Presentation on theme: "FERPA RVCC FACULTY FERPA WORKSHOP OCTOBER 2011 DAN PALUBNIAK REGISTRAR."— Presentation transcript:
FERPA RVCC FACULTY FERPA WORKSHOP OCTOBER 2011 DAN PALUBNIAK REGISTRAR
FERPA This presentation is designed to give you a base level of knowledge of the rules governing the release of student information. FERPA defines two categories of information: Directory and Non- Directory
WHAT IS FERPA? FERPA- Family Educational Rights & Privacy Act (aka Buckley Amendment) Passed by Congress in 1974 - The Act grants the following four specific rights to the college student: 1)Right to see the information that the institution is keeping on the student 2) Right to seek an amendment to those records and in certain cases append a statement to the record 3) Right to privacy and to consent to disclosure of the record 4) Right to file a complaint with the FERPA office in Washington
Said simply… FERPA is a Federal Law that protects the privacy of students’ educational records and aids in the decision making that school officials need to make every day.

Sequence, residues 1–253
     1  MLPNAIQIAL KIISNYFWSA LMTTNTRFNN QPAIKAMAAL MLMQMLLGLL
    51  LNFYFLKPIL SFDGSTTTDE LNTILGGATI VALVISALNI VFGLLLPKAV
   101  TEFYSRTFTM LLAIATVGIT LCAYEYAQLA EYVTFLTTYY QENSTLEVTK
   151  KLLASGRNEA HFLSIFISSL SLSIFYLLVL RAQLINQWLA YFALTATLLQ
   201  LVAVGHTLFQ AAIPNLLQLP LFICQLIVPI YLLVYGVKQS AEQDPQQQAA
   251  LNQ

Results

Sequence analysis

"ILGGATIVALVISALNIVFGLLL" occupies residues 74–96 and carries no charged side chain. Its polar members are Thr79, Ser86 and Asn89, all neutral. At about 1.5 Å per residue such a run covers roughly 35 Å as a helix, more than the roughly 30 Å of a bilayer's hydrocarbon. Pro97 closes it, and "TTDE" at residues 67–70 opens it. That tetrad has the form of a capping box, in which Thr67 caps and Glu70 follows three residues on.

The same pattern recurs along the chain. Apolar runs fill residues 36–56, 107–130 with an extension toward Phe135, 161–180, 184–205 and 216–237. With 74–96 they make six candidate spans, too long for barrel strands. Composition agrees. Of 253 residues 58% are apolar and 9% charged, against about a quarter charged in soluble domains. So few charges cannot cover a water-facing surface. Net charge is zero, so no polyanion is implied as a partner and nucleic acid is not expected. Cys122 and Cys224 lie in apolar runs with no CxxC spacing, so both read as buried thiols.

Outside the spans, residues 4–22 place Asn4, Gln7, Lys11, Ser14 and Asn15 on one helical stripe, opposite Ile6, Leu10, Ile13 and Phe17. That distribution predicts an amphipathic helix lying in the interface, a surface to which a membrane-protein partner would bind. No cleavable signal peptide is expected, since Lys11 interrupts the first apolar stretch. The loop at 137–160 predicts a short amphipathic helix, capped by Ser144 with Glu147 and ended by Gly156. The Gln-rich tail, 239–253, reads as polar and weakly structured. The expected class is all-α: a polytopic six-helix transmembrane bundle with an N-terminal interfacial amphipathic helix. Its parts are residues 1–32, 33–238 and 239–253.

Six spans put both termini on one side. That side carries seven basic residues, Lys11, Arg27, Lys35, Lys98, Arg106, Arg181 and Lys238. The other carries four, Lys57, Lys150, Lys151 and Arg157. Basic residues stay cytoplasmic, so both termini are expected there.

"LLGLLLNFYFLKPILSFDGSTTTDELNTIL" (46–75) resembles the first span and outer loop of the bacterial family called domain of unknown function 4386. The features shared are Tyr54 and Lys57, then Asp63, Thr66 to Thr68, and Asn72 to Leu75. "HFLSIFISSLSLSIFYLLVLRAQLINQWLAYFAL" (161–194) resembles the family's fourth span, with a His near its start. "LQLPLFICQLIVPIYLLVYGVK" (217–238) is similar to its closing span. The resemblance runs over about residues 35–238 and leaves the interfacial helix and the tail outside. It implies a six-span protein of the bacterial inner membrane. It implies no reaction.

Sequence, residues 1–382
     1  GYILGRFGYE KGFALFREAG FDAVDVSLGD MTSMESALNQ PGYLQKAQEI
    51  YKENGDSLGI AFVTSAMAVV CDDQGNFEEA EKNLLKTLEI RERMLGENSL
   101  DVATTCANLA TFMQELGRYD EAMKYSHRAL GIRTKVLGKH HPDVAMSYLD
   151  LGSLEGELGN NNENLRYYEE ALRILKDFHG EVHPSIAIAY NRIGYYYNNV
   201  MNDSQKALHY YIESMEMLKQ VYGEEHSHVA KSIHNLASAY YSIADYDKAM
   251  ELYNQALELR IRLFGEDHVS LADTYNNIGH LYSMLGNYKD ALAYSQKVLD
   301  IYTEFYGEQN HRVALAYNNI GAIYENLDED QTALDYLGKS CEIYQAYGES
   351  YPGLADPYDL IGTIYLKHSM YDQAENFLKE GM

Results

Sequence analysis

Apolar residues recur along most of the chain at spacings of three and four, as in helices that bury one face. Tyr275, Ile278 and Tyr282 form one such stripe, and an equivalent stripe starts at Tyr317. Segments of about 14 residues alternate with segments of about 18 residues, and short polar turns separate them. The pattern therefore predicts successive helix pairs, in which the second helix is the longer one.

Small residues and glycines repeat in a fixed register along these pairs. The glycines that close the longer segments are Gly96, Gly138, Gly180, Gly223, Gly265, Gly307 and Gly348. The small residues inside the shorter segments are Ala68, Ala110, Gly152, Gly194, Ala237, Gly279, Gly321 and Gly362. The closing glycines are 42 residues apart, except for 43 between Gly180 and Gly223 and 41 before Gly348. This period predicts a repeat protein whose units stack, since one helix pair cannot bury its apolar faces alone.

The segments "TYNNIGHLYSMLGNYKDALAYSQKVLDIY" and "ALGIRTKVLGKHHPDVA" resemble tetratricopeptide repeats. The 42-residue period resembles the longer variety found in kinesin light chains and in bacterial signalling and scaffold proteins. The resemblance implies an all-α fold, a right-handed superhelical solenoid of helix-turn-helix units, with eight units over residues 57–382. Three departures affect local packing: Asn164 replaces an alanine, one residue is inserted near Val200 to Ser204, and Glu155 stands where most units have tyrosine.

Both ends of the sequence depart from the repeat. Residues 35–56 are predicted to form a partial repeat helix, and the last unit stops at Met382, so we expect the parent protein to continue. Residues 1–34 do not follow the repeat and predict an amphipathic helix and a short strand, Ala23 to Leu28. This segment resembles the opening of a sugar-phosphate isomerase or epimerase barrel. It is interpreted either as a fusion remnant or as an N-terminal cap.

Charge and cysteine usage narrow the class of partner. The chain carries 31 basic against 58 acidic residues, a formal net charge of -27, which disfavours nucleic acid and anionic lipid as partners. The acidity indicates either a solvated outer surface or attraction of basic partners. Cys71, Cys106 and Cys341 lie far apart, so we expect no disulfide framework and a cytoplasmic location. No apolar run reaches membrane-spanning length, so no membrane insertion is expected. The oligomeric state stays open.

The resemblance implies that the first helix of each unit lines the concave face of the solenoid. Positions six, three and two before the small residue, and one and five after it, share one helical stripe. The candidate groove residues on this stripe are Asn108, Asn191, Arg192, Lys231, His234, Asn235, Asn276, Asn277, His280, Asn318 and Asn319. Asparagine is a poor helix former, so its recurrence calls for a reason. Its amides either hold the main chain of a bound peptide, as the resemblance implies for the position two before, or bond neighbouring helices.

WHY IS UNDERSTANDING & COMPLIANCE WITH FERPA IMPORTANT? Protect our students Protect ourselves - Federal funding depends on the protection. The DoE can withhold funding in cases of serious non- compliance. Maintaining confidentiality of student records is everyone’s responsibility including faculty, staff or student worker.
WHAT IS A STUDENT EDUCATIONAL RECORD? Just about any information provided by a student to RVCC for use in educational processes is considered a student educational record including: Personal information Enrollment records Grades & grade assignments Schedules and bills The storage media in which you find this information does not matter! A student’s educational record may be: A document in the Registrar’s Office A computer printout in your office A class list on your desktop Notes you have taken during an advising session
When can educational information be shared? Educational information can be shared with third parties, including parents, so long as the student has given written permission. Written permission must be given for each disclosure event and must state the record to be disclosed, the purpose for the disclosure and the person to whom it will be disclosed.
THE QUIZ NOW LETS TEST YOUR BASIC FERPA KNOWLEDGE CLUE: When in doubt - don’t give out!
Question 1 Your department assistant prints a class roster for you. On the first day of class, you pass the roster around the room asking the students to sign beside their names. Any problems here?